A Youthful Obsession


Norther Piedmont's wine wunderkind goes deep into Nebbiolo

As a teenager in northern Piedmont, when most boys were enthralled by soccer, girls and cars, Cristiano Garella developed another obsession: Italian wine.

At 13, Garella bought his first wine guide, by the influential Italian writer Luigi Veronelli. A couple of years later, he spent his Christmas money on his first two bottles, one of them Barolo Brunate from Enzo Boglietti.

"Wine was like a sensation from a new world," says Garella, who can't pinpoint the origins of his precocious interest. "My father was a gymnastics teacher, my mother was a secretary, and my grandmother drank a lot of bad wine."

But this he knew: He wanted to be part of the booming Italian wine scene. He enlisted his older brother to drive him about 100 miles to southern Piedmont and knocked on the cellar doors of Barolo and Barbaresco producers—from Elio Altare to Angelo Gaja. He tasted wines and soaked up all the knowledge he could.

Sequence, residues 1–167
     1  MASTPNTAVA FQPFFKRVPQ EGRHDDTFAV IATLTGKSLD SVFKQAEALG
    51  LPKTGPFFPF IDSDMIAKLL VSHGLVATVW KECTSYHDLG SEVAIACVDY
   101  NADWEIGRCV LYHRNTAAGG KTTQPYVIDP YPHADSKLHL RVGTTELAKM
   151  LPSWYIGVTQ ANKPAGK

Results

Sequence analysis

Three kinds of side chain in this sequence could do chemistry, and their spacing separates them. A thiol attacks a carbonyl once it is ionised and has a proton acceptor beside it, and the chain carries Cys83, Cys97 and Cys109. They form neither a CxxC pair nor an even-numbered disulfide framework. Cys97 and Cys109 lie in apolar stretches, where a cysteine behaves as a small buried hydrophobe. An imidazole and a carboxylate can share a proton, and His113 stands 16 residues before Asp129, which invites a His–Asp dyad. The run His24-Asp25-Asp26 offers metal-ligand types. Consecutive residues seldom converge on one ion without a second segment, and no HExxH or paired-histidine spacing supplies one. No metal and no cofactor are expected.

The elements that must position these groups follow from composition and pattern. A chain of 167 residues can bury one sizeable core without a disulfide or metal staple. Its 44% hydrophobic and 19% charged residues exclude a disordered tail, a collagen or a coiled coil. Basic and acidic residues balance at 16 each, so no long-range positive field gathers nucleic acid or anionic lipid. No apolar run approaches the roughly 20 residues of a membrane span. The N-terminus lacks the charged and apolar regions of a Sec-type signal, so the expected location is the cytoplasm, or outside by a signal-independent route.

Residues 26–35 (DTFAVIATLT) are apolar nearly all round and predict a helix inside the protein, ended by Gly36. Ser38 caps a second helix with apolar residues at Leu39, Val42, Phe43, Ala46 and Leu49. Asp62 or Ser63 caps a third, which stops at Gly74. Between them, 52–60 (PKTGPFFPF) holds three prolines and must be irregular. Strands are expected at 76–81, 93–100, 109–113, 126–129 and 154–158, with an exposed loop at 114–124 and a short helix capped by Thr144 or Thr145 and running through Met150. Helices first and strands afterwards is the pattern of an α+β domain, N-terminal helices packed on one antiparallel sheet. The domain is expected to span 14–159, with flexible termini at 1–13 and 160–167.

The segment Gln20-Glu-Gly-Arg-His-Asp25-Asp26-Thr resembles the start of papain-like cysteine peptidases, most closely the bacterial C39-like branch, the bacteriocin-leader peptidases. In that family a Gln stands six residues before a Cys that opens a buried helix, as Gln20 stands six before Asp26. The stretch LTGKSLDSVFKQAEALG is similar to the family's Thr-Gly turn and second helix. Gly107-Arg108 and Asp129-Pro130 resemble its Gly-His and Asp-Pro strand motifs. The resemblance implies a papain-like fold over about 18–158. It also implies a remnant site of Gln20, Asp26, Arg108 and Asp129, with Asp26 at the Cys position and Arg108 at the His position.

A science student in high school, Garella spent all the money his parents gave him on a wine cellar that grew to more than 1,000 bottles. He worked in vineyards without pay, learning all he could from an old winegrower in the tiny Bramaterra appellation. At 18, he and his brother bottled the first few hundred bottles of their Nebbiolo at home.

Today, rail-thin at 30, Garella could still pass for a teenager. He is the whiz-kid winemaker for several young estates reviving the once-great vineyards of northern Piedmont...read the full blog at Wine Spectator